What you've done, Mr. Fowler, is quite positive and unique, but it shouldn't be that it's in isolation. It shouldn't be that it's a community that's trying to find solutions on their own. There should be government support and a very clear path on how to access, what the programs are and what they offer.
    The other thing is the trade agreements themselves. Madam Fréchette was talking about trade agreements. I think one of the fundamental flaws that we have is that SMEs aren't at the table in negotiations. On the opportunities that exist in trade agreements, the big players are already there. It really is for the SMEs. I hope that, going forward in future trade agreements, SMEs have a particular focus. I know there's been an attempt in some of the more recent ones to have a chapter to at least have the beginning of a conversation. I think it needs to be more extensive if we're to see those opportunities realized.
    The question that I would have for all of you is: What would you incorporate into trade negotiations to address the issues of SMEs to ensure the best possible language and outcome for them? I know it's a bit of a big-picture question, but what do you envision that looking like?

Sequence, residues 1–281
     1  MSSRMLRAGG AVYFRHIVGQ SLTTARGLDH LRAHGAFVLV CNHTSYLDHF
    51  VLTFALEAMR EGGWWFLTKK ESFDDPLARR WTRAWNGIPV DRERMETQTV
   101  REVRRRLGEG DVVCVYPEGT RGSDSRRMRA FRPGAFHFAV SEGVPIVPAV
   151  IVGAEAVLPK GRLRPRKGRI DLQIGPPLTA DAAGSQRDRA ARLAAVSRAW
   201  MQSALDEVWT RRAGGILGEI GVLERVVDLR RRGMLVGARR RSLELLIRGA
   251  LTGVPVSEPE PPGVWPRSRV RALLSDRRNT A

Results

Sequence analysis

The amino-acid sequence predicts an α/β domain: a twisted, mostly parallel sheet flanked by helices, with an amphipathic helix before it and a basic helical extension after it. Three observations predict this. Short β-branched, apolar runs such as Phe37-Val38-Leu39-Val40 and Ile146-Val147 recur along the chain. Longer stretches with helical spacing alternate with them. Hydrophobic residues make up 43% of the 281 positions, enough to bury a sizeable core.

I'll start with the chamber.
    Ms. Fréchette.

  (1605)  

[Translation]

    As you mentioned, it would be very interesting to have SMEs around the table before free trade agreements are signed. Engaging in dialogue with SMEs and the associations that work closely with them is certainly one way to determine which countries to engage in free trade agreements.
    Once a free trade agreement is signed, the government should also be able to explain to SMEs and businesses the content of the agreement. Our organization did that after the Trans-Pacific Partnership Agreement was signed. We took the initiative. We hade to navigate various government entities to find out who to contact. When the government signs a new agreement, it should automatically have a more technical briefing, beyond the usual departmental one, to properly inform businesses of the impact of the free trade agreement on them.
    Those are certainly tools that could be developed and that we could distribute to chambers of commerce. First, there could be consultations, and once the free trade agreement is signed there could be information sessions. Those are certainly solutions to be considered.